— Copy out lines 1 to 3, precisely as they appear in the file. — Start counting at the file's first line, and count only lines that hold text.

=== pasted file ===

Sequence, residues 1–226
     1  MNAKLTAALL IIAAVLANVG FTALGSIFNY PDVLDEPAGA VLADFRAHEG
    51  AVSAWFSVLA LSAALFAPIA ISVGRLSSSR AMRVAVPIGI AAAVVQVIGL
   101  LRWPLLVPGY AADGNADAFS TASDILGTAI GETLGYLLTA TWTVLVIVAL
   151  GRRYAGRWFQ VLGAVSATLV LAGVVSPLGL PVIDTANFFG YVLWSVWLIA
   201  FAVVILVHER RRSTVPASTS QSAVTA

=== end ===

Sequence, residues 1–226
     1  MNAKLTAALL IIAAVLANVG FTALGSIFNY PDVLDEPAGA VLADFRAHEG
    51  AVSAWFSVLA LSAALFAPIA ISVGRLSSSR AMRVAVPIGI AAAVVQVIGL